In the craft world, there’s no denying the divinity that is Martha Stewart.
She’s converted homes into temples of clever creativity, where even the mundane can be made magical by a little embellishment.
Her products are equally transformational; they simplify the act of crafting and bring a dimension of quality to your projects.
You’d be hard-pressed to find a paper crafter who does not rave lyrical about Martha Stewart’s paper punches.
Not only are they well-made and sturdy, they produce intricate papercuts and add real flair. You’ll covet them all.
While owning the entire catalogue may not be an economically viable option for you, there are ways to extend the use of the craft punches you already have.
I found a fantastic tutorial on YouTube that shows how to get more out of your Martha Stewart edge punches (click here to watch). It also provided the inspiration for these punched-paper napkin rings.
Use decorative papers or upcycle co-ordinating bits of scrap paper for this project.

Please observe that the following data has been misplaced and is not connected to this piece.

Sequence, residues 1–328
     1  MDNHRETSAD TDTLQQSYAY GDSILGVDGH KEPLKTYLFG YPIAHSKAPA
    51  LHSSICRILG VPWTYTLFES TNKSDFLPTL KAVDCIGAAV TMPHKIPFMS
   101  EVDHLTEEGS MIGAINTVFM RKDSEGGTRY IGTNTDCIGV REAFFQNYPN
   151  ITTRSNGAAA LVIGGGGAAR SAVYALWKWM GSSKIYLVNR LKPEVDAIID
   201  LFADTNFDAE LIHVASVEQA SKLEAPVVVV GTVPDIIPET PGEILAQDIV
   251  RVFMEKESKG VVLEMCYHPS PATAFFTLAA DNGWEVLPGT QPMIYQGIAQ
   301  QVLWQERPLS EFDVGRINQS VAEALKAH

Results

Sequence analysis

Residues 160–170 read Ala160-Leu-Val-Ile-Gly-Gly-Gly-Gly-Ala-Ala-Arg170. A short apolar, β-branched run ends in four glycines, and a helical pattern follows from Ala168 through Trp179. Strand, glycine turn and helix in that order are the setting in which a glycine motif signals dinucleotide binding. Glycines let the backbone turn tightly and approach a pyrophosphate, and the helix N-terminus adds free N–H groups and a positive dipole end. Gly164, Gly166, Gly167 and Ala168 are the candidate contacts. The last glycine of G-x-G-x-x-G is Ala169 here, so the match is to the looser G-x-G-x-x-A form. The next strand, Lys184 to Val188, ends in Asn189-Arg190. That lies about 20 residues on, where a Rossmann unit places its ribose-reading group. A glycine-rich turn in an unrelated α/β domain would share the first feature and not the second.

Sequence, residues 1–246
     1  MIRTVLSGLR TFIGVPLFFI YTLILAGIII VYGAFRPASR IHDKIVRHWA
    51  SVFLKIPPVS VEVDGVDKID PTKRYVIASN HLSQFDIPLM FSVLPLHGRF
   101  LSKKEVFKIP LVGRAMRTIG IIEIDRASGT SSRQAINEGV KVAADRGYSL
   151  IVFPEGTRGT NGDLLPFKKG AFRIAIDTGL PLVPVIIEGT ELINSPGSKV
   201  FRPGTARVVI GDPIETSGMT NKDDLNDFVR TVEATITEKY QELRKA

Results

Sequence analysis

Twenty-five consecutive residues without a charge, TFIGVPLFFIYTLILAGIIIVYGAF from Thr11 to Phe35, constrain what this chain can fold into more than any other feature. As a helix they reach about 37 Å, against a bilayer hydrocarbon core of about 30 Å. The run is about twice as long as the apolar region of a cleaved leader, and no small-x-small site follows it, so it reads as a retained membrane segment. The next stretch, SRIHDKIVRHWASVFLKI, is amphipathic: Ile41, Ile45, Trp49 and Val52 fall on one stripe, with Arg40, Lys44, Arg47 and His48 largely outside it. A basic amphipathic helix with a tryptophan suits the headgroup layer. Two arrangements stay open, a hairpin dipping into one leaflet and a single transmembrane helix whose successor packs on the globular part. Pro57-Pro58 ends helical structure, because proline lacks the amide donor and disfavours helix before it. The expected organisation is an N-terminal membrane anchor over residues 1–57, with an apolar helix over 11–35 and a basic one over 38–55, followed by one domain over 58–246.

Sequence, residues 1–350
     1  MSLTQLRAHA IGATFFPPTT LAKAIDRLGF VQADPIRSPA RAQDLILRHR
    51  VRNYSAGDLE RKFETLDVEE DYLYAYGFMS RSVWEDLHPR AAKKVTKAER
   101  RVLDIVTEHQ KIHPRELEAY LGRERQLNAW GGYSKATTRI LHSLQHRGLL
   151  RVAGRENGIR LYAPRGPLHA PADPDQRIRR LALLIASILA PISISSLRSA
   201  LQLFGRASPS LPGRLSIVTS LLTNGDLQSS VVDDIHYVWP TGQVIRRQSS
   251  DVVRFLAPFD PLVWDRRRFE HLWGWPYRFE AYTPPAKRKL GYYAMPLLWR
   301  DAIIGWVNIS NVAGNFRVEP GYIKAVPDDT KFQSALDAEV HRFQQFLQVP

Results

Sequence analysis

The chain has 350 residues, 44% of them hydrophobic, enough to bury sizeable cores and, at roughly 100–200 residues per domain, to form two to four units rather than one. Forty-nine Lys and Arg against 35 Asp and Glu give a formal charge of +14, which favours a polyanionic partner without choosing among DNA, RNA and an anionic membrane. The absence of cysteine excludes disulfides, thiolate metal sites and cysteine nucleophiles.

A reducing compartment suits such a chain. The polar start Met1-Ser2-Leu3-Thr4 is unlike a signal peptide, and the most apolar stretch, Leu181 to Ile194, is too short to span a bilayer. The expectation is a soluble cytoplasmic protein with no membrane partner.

If you have a Martha Stewart deep double-edge craft punch like this one, you can skip steps 5 and 6.
Start off with a strip of paper measuring 2″ wide and about 7″ long (while we use the metric system in South Africa, it was easier for me to use the imperial units on my cutting mat to measure out the strips).
Slot the paper strip into the punch, lining up its edge with that of the punch. Use the picture as a reference.
Steps 3 and 4:
Punch down on the paper. Remove the paper strip and line the punched out pattern with the guides on the punch. Continue to punch along the side of the strip until you have about a centimetre of un-punched paper on both ends.
Steps 5, 6 and 7:
Flip the strip over and repeat steps 3 and 4. For a consistent pattern, make sure you start punching on the exact opposite edge of where you began in steps 2 and 3.
Steps 8 and 9:
Use a craft knife or die-cutting tool to make notches on the ends of the strip. Double-sided tape works equally well to join the ends to form the completed napkin ring.
(Aologies for the inconsistent colour correction in the photographs. I shot these under low lighting and the processing was a bit of a rushed job.)